Young Pip is expected to become a blacksmith, but, hating the soot and smoke, he secretly dreams of becoming a gentleman. When he meets the mysterious Miss Havisham and her haughty niece ... See full summary »
When David's father dies, his mother remarries. His new stepfather Murdstone has a mean and cruel view on how to raise a child. When David's mother dies from grief, Murdstone sends David to... See full summary »
Edna May Oliver
A TV mini-series adaptation of the Charles Dickens classic, following the life of young Copperfield as he grows up under the care of the cruel Murdstones, travels to London where he meets ... See full summary »
David Copperfield lives a nearly idyllic existence with his beautiful mother Clara and their housekeeper Peggotty. His life changes forever when his mother re-marries. Mr. Murdstone is a no-nonsense businessman and a strict disciplinarian who believes in corporal punishment. David is soon sent to a strict boarding school but when his mother dies, his stepfather sends him to London to work in a foul smelling factory. He forms a close friendship with Mr. Micawber and moves in with the man and his loving family but as the Micawbers are forced by circumstance to relocate, he seeks out his aunt Betsey Trotwood. She sends him to fine school and he lodges with Mr. Wickfield and his daughter Agnes. As he grows older David is apprenticed to a law firm where he soon meets the senior partner's daughter, Dora. Life's challenges continue to confront him but with the help of friends and family, he overcomes adversity including his aunt's loss of her savings, the death of his wife and the ... Written by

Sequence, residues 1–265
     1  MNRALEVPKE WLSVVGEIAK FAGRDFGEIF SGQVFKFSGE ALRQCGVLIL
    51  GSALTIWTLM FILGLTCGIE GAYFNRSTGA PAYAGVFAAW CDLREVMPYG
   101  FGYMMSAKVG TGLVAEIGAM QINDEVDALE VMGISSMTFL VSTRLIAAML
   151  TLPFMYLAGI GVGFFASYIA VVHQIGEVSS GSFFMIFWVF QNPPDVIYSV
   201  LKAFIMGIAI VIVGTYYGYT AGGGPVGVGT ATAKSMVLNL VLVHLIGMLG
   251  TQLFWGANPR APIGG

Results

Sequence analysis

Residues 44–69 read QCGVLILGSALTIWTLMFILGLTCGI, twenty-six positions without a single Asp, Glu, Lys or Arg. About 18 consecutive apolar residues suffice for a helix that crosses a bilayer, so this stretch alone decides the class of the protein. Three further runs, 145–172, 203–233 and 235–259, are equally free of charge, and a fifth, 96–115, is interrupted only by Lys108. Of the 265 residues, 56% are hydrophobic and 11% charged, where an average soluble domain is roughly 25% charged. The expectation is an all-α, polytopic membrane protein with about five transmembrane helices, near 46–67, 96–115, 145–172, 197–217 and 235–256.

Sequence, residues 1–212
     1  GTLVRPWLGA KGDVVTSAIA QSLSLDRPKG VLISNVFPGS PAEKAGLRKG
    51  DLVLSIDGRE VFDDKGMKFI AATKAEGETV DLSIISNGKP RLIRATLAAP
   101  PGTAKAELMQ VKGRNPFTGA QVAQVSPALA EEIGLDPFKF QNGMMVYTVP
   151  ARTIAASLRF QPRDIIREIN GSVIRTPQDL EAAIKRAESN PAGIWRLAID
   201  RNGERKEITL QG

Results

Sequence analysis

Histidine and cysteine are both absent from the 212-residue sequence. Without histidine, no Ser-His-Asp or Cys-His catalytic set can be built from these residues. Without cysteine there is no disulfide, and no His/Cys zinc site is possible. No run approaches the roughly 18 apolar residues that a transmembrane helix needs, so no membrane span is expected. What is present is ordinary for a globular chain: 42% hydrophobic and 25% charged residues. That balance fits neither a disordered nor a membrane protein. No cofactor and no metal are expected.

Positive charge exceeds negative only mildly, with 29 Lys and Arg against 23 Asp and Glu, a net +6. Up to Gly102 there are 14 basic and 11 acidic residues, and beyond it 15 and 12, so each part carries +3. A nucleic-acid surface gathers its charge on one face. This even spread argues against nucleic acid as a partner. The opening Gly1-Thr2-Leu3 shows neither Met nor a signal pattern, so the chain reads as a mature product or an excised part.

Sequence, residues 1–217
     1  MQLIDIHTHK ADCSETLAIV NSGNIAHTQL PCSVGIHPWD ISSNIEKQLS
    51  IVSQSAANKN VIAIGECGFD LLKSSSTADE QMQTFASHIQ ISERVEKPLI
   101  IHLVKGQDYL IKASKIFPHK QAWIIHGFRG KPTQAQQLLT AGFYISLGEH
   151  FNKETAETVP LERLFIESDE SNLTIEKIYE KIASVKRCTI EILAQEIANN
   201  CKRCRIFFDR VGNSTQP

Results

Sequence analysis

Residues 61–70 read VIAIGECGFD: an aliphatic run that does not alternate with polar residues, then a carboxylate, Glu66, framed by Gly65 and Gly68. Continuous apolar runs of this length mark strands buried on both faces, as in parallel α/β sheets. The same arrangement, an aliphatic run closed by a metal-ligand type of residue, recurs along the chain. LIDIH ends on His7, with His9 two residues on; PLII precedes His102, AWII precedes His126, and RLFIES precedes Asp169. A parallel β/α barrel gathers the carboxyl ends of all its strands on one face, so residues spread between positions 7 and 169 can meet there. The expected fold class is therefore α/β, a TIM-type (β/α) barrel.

The white gown worn by Emilia Fox (Clara Copperfield) while being courted by Mr. Murdstone is the same costume worn by Samantha Morton (Harriet Smith) during Emma's fantasy sequence of Harriet marrying Mr. Elton in Emma (1996), and by Julie Cox (Annabella Milbanke) in Byron (2003). See more »
The younger Davy is right-handed; the elder Davy is left-handed. See more »
David Copperfield is not an easy one to film because the story -- while unfailingly interesting -- does have some of Dickens' most cloying sentimentality and sugary sweetness. David himself is saintly, and this makes him hard to play as an interesting character. In fact, playing the young hero in period dramas can easily be something of a poisoned chalice. (Other adaptations of recent years have come unstuck on this point.) However, this works out fine here. A very small Daniel Radcliffe is excellent as Harry P-- sorry, as young David, and I think that Ciarán McMenamin is also good as the adult David. I don't agree with those reviewers who call him smug. It's a shame that he looks nothing, but nothing, like Daniel Radcliffe, and the hairstyles he is given are really bad, especially the wig towards the end. Of course, he is inevitably somewhat overshadowed by the galaxy of top-notch actors who fill the other roles. Maggie Smith is particularly winsome as Betsy Trotwood.
I watched this with my eleven-year-old son and we both really enjoyed it. Recommended.
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